Cop 26 Glasgow postponed over Covid-19 but climate crisis remains deadly

It would have been the worst April Fool in history had it not be so utterly, devastatingly true. Confirmation that this year’s planned Cop26 climate summit in Glasgow had been postponed.

Of course, it had been expected. It would be all but impossible to do, not with so many deaths, paralysed economies and the risks of such mass movements of people. Even a virtual conference would have been folly while everyone’s attentions are focused on the now.

Yet there must be and understanding that like Cornavirus, the climate crisis is killing people.

Back in 2014, the World Health Organisation estimated climate change alone would be responsible for around 250,000 additional deaths every year from 2030, taking in factors such as heat stress, malnutrition and malaria.

In January last year a research paper by The New England Journal of Medicine said that was an underestimate. It claimed WHO had failed to take into account mass population displacements or the affect on workforces and labour markets, particularly in areas of agriculture impacted by extreme weather changes.

The World Bank has already predicted that 100 million people could be forced into extreme poverty by the onset of climate change within the next 10 years.

So while the world grapples with Covid-19, it cannot, must not, ignore the other global killer casting a pall over all our lives.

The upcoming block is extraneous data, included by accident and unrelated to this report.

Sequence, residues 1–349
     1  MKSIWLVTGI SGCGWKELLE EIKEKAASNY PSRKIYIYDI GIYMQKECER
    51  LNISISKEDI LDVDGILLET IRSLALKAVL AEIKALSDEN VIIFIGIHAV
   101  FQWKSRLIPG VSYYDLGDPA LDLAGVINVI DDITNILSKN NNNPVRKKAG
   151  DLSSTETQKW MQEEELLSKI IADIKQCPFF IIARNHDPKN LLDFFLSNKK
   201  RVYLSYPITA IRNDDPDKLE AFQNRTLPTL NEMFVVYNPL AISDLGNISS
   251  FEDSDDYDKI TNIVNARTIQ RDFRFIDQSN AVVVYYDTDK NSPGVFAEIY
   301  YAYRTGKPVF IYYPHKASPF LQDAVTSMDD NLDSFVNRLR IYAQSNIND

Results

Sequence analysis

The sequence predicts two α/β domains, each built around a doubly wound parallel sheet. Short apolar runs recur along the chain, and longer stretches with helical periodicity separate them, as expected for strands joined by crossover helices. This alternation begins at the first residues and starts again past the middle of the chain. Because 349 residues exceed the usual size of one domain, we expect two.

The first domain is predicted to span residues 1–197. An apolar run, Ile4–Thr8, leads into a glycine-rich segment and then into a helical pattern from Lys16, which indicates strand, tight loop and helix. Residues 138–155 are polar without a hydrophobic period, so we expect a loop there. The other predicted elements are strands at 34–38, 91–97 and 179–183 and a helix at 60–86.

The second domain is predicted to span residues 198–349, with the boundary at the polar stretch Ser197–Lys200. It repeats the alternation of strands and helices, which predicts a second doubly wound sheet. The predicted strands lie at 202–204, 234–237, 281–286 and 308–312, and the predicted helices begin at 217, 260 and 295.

After the problems around Cop25, the inaction, confirmation that the Coronavirus outbreak has also now laid waste to Cop26 is nothing less that a devastating blow to the fightback against climate change.

The decision to postpone was taken by the UNFCCC COP Bureau, the body that advises on COP processes. It is made up of representatives from the UN regional groups, the UNFCCC Secretariat and the COP Presidency.

The news leaked early on Wednesday evening. The Finnish environment minister Krista Mikkonen revealing in a Tweet the outcome of deliberations, sparking a cascade of reaction across the globe.

Official confirmation came soon after. But NGOs and others had been prepared for it. A slew of statements expressing “understanding” in these crazed times, but each with the kicker that the debate cannot, must not, be kicked into the uncut grass.

With news too that all five Edinburgh festivals have been axed for the year, the significance of losing an anticipated influx of 30,000 official delegates and a predicted 60,000 to 70,000 others to Glasgow and overspill regions cannot be underestimated. Hotels were booked, jobs created, orders financed.

The opportunity to put the climate agenda front and centre lost for 12-months, is a blow. Yet there are seeds being planted even as we speak. If Covid-19 has talk us nothing, then it is that we have to review how we live, work and act from top to bottom.

Among those reacting, Christiana Figueres the former UN climate chief behind the Paris Agreement, who had argued for the talks to continue, but in accepting the pause said world leaders must now  move to “ensure economic recovery packages post medical emergency make us more resilient to even bigger crises, such as climate change.”

Laurence Tubiana, fellow architect of the Paris Agreement and CEO of the European Climate Foundation, said: “Postponing COP26 is the right thing to do – public health and safety must come first now.  This crisis has shown that international cooperation and solidarity are essential to protect global well-being and peace. COP26 next year should become a centre piece of revitalized global cooperation.”

Tom Ballantine, chair of Stop Climate Chaos Scotland, said: “While clearly hugely disappointing, this decision was absolutely necessary given the current situation with Covid-19. The immediate priority needs to be saving and protecting lives from this virus.